Recognizing the seriousness of the economic crisis and the need to avoid its repetition in the future, the organisations concerned with land value taxation came together on 28th November 2008. The list of member organisations is set out below. A motion was tabled for discussion and, after considerable debate, the following resolution was agreed nem. con. (without dissent):
In order to address this problem we need to suggest to the wider world that it is possible to create a new approach that delivers both economic justice and prosperity for all. This solution must be based upon the annual collection of land value for public purposes.
This meeting agrees that there is an urgent need to convince policy makers of this, and for them to develop (with our assistance) policies to capture unearned land values. Such policies would enable taxes on labour and enterprise to be minimised. Investment in necessary public infrastructure would thus be recovered for public benefit.
We believe, however, that it is unproductive at this stage for our respective groups to attempt to agree how to achieve this. An agreement by the main parties on the need for a nation-wide tax on the value of land would trigger completion of the registration and valuation of land within a single parliament. We therefore commit to trying to persuade all parties to agree to this being a manifesto commitment.”
It was agreed that there were many approaches to the introduction of LVT and that it might be possible to capture land values by voluntary means with or without land registration and valuation. Opportunities would be provided to consider these through general meetings open to members of the various organisations. However, the main task would be to pursue our aims jointly to influence policy makers across the political spectrum. The propositions agreed included the creation of an All Party Parliamentary Group (APPG) to discuss fiscal reform, an approach to the Treasury and holding a seminar at the House of Commons.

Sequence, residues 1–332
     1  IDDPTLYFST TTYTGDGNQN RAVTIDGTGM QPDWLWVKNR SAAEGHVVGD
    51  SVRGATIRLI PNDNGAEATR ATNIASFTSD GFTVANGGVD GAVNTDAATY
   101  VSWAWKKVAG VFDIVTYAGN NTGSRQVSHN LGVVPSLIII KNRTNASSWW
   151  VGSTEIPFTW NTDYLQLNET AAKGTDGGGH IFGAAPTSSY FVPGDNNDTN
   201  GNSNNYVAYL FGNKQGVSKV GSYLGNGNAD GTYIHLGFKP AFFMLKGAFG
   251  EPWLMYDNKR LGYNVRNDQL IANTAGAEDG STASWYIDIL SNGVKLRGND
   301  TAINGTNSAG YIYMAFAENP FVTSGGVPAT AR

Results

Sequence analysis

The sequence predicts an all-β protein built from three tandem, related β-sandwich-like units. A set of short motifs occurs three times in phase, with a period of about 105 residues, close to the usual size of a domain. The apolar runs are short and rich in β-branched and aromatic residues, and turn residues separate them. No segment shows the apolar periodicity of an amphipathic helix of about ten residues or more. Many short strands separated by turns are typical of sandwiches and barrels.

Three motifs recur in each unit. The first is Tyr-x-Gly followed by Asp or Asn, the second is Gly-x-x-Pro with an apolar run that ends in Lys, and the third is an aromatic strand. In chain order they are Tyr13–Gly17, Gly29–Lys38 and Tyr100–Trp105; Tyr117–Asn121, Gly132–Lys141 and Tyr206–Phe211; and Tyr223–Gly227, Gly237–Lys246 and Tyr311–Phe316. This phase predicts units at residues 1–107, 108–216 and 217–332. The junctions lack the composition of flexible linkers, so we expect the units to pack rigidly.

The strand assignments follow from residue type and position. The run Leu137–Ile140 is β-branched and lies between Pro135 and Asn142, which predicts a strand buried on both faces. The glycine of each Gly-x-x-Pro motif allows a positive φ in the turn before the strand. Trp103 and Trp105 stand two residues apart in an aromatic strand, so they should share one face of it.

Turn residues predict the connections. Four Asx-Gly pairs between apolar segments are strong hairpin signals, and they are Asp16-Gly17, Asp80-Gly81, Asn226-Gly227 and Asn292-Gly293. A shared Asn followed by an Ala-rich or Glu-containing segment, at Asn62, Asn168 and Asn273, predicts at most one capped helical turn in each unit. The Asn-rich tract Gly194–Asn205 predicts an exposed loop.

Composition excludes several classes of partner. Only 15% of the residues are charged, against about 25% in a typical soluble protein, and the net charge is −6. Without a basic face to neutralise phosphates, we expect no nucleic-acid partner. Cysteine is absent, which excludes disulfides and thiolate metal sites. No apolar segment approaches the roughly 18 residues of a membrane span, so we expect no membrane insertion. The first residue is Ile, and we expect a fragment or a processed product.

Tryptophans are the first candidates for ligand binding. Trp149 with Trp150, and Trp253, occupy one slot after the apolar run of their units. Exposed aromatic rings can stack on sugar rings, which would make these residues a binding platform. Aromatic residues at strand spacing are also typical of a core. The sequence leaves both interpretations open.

The SES and the HGF made it clear that, given their charitable status, they could not take part in party political activity. However, they could consider acting as secretariat for the combined group. The SES kindly agreed to provide the venue for our meetings.
The meeting agreed that progress would be made by a committee of representatives from each organisation meeting on a regular basis. At its first meeting the Steering Group, after discussion, agreed we should be known as the Coalition for Economic Justice. It was agreed to hold a seminar in the House of Commons and set up a sub-group to plan and arrange this. Work would be done with the aim of setting up an APPG as well as approaching key organisations, including the TUC and CBI.
The Chancellor was written to inviting him or his Ministers to attend the Seminar on 24th March entitled “Capturing Land Value to achieve Economic Justice – a Challenge to Parliament”. MPs and Peers were all invited. The speakers were David Triggs, Samuel Brittan, Prof. Iain McLean, Molly Scott Cato, Ashley Seager, Fred Harrison and James Black. Nick Ross agreed to chair the event but was unfortunately taken ill that week so John Lipetz took his place. Vince Cable MP looked in but could not stay for long. The report, which is available on the CEJ web site, was well attended with excellent contributions both from the speakers and audience. The weakness was that very few MPs turned up and only two junior civil servants from the Treasury attended.